It’s open to debate whether the reports of Dragons and Northern Lights reflect Supernova power surges and/or Solar activity [which was in it’s 23rd “cycle” during 1750].

Update 26 May 2019
The daytime appearances of Venus suggest the exceptional electro-magnetic events of 1716, 1726 and 1737 were really remarkably tame within the context of the preceding fiery centuries that gave rise to the Renaissance.


This entry was posted in Astrophysics, Atmospheric Science, Earth, Electric Universe, History, Johannes Kepler, Maunder Minimum, Science, Solar System. Bookmark the permalink.

6 Responses to Fiery Trigons: Kepler’s Supernova

  1. Why Venus/Phoenix and not Jupiter etc?

  2. malagabay says:

    The four major (“Galilean”) satellites of Jupiter form a miniature Solar System, whose “years” are measured in days.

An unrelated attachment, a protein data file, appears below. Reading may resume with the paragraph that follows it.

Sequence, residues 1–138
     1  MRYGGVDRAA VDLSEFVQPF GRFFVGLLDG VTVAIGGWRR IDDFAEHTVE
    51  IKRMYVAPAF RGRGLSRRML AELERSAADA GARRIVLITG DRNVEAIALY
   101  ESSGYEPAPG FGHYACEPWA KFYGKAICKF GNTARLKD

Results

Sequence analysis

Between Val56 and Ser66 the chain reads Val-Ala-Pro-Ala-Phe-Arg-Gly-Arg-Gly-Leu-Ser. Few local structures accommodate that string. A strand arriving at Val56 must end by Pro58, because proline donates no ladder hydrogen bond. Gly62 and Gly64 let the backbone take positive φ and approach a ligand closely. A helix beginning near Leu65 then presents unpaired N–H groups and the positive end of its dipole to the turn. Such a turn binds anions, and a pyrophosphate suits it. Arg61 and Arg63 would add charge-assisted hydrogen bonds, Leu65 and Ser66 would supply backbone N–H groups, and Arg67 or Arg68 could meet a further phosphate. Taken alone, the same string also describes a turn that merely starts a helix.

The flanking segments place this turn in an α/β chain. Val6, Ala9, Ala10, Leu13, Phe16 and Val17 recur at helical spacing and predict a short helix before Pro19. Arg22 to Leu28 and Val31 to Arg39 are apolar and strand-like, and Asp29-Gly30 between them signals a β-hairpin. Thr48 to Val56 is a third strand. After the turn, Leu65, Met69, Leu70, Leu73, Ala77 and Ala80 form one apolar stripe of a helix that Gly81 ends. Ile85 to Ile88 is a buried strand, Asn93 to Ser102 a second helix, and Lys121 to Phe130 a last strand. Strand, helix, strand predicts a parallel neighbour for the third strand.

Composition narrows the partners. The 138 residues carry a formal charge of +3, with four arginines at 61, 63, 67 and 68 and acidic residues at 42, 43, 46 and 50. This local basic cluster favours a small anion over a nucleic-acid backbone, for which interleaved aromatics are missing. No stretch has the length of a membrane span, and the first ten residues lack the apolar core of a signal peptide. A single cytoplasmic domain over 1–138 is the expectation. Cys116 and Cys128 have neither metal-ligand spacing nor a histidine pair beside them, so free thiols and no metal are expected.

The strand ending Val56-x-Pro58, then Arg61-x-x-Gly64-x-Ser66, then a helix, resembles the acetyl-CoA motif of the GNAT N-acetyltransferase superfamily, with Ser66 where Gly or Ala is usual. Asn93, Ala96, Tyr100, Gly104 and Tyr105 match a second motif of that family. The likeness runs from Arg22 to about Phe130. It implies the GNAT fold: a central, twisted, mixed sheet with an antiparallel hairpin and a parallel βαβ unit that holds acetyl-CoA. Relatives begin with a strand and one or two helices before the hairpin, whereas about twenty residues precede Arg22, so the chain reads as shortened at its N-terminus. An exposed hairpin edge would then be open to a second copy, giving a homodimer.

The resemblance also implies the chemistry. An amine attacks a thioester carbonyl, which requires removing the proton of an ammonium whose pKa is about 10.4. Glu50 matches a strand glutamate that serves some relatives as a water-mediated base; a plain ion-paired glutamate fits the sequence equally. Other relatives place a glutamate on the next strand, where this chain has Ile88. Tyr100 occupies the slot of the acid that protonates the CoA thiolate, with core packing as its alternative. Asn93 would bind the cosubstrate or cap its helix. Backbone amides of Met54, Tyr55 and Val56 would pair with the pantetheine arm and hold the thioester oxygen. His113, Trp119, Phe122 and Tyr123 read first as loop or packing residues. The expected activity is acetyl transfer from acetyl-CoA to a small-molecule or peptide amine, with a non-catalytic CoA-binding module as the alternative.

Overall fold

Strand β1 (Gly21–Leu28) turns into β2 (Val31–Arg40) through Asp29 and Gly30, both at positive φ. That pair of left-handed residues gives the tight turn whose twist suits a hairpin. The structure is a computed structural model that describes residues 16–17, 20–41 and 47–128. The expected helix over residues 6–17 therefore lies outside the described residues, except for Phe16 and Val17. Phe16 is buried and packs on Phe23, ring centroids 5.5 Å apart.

Astronomers have monitored the motions of these worlds from Galileo’s time to the present to improve their orbital models and to study the effects of tides on the movements of Io and Europa. (In order outward from Jupiter, the Galileans are Io, Europa, Ganymede, and Callisto.)

    The most accurate ways to measure the positions of these moons are by photographic astrometry with large telescopes and by CCD photometry of the eclipses of these bodies by the shadow of Jupiter.

    The A.L.P.O. program, however, preserves continuity with almost four centuries of visual timings of these eclipses, investigating the sources of error in making visual timings.

    Timing the Eclipses of Jupiter’s Galilean Satellites
    John E Westfall, ALPO Assistant Jupiter Coordinator, Galilean Satellites

    Click to access GaliInstr.pdf

  3. remnant13 says:

    Concerning cycles and novae, have you run across Dr. Ben of “SuspiciousObservers” and the theory of recurring micronova of our sun (next due in ~27 yrs.) Fascinating:

    Especially interesting as Earth’s magnetic pole shift accelerates.
    We live in interesting times.

    = = = =

    Malagabay: The Adam and Eve Story is available at